In 1956 I was 20 years old and I went to work for a correspondence school called The Famous Artists Schools. They offered courses in illustration, painting, cartooning, writing and photography. They could never figure out how to do the sculpture thing through the mail so we didn’t have a sculpture course. Each course had 12 famous artists at its head (they wrote the material and held stock in the company). In the Cartoon Course our famous artists were the likes of Willard Mullins, Milton Caniff, Virgil Partch, Rube Goldberg etc..
I was as green as a cucumber and didn’t really know anything about cartooning but I was a fast learner and I possessed a great passion for the art. My boss was Bud Sagendorf who drew Popeye and he gave me week-end work sitting next to him on his porch at a drawing board helping him churn out the Popeye comic book. My second mentor was Pete Wells who had drawn the Katzenjammer Kids for King Features. My third and last mentor was Barney “Bud” Thompson who had drawn Capt. Marvel Jr. and girly cartoons for Life and Judge and Playboy.
They each taught me so much and I really owe my career to them. Pete especially was a role model. At his elbow I donned a green eye shade, rolled up my sleeves and laid in big pools of black with a #290 pen. He showed me how to dry up the puddles by puffing on my cigar and then holding it close to the drawing. Invaluable stuff.
I’d say Pete, “I just met this terrific guy!”Pete would say, “Can he draw cartoons?”I’d say, “No!”He’d say, “Then what good is he?”Pete would also take me to National Cartoonist Society meetings at the Lamb’s Club in New York where I met Otto Soglow, Bill Holman, Walt Kelly and many many others.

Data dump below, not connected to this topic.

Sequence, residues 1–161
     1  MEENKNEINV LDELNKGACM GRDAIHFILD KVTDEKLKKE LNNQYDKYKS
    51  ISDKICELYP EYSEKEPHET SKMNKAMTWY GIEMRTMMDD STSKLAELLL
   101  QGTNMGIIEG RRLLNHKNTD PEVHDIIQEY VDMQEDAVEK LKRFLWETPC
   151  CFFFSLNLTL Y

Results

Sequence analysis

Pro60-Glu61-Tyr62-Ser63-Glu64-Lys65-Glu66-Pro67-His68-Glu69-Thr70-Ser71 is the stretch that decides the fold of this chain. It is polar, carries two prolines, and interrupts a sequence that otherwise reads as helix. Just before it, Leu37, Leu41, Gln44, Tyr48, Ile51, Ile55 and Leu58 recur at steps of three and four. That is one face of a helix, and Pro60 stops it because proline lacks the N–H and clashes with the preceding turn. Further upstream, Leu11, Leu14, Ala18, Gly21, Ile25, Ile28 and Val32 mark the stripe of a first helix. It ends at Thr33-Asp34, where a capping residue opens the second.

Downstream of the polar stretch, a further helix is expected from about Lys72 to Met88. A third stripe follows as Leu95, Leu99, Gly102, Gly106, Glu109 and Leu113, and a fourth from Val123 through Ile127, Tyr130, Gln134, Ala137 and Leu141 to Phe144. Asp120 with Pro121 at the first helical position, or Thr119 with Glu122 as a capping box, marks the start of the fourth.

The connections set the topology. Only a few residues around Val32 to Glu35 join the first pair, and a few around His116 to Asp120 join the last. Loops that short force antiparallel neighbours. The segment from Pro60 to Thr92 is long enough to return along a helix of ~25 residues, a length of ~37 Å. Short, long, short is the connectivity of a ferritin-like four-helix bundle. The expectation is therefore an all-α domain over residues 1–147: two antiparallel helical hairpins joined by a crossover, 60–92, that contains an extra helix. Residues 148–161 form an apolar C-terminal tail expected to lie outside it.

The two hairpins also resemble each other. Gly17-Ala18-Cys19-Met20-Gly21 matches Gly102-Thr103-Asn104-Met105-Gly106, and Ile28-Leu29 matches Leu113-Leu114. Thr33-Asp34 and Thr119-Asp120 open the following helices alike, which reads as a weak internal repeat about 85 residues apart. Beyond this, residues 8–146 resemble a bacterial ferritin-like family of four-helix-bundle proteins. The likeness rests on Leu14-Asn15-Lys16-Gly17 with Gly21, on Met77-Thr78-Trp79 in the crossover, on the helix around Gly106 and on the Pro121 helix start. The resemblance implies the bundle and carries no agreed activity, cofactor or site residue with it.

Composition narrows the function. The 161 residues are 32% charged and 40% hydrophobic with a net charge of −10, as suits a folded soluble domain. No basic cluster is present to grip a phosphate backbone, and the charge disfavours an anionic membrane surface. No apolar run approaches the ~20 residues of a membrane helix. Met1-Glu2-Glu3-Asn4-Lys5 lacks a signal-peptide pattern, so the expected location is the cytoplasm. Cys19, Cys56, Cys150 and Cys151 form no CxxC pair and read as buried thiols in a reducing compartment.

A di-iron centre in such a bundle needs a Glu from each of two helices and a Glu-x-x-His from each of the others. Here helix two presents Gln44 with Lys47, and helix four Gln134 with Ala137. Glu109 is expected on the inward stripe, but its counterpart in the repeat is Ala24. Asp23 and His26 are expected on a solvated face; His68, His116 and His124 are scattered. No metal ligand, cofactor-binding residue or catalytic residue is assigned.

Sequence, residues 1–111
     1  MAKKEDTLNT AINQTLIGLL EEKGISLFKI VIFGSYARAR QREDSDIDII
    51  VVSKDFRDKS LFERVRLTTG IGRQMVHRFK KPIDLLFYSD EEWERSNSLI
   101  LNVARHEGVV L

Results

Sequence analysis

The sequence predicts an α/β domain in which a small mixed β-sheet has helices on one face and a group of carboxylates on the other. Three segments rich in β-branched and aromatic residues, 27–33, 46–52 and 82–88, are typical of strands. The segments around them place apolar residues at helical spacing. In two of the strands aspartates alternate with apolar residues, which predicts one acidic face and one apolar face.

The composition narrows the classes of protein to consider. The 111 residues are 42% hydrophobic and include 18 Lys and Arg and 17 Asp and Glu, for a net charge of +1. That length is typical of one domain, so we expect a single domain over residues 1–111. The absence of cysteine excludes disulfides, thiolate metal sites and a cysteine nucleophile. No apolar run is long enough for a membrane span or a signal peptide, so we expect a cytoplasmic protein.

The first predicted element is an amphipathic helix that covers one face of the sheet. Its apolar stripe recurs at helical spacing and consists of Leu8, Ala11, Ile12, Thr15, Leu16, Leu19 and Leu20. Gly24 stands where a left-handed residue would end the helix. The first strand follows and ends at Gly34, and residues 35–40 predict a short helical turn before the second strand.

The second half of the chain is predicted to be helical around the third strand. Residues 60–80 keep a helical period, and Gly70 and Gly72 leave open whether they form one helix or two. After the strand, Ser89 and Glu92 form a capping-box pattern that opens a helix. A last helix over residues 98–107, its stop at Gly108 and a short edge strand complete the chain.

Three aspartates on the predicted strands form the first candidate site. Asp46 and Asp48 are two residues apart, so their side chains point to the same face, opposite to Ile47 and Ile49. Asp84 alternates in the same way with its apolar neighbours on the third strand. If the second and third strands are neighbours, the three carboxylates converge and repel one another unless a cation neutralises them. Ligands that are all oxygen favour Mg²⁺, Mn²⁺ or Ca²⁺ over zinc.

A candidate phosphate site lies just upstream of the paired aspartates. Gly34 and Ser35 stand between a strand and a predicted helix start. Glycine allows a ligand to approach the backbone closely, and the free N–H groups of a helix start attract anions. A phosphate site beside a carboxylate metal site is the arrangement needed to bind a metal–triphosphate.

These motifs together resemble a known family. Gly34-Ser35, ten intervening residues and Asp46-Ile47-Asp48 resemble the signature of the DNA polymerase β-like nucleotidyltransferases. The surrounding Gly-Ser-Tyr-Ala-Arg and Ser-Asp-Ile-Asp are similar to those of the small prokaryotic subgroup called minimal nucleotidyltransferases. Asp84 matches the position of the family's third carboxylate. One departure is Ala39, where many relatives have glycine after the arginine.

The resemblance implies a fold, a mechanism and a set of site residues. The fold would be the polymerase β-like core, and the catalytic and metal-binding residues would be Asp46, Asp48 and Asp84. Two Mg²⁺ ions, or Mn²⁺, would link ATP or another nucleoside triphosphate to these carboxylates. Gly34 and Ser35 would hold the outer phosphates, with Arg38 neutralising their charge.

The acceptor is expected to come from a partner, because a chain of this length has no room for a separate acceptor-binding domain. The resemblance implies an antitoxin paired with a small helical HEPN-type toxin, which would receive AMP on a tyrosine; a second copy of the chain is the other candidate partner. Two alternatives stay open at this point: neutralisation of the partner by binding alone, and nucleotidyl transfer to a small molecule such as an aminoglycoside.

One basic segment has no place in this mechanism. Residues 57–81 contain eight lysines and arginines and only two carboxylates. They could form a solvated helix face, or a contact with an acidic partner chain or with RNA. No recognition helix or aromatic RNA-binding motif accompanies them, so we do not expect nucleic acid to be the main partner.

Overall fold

Back at the school we got visits from Partch and Norman Rockwell and Ben Shahn. I smoked cigars with Rube Goldberg. That was my beginnings.
I left the school in 1964 to pursue some animation and illustration work and it wasn’t until years and years later that I ran into Pete Wells again. They had decided to have a big reunion of FAS instructors. It must have been in the 1980’s. We had a big exhibit of everybody’s work. By then, I had long left the traditional cartoon styles I had worked in at the school and had forged on with lino-cuts and some pretty unique abstract cartooning. Pete was a complete traditionalist and had often kidded me about my “modern” tendencies. Barney and Bud were a little more approving of my early explorations.
So there we are at the big reunion art show and I was anxious to see my old mentors. I had sent in a couple of “abstract” big pieces I had done. One, I remember, was “King Pest”…an illustration for the Poe story of the same name. Suddenly Pete appeared out of nowhere…in front of me breathless. He didn’t say “How are you? Long time no see”. No…what he said was…”Randy, Randy quick follow me around this partition…someone has put up some God awful stuff and they put YOUR name on it!
Good ol’ Pete Wells…I miss him.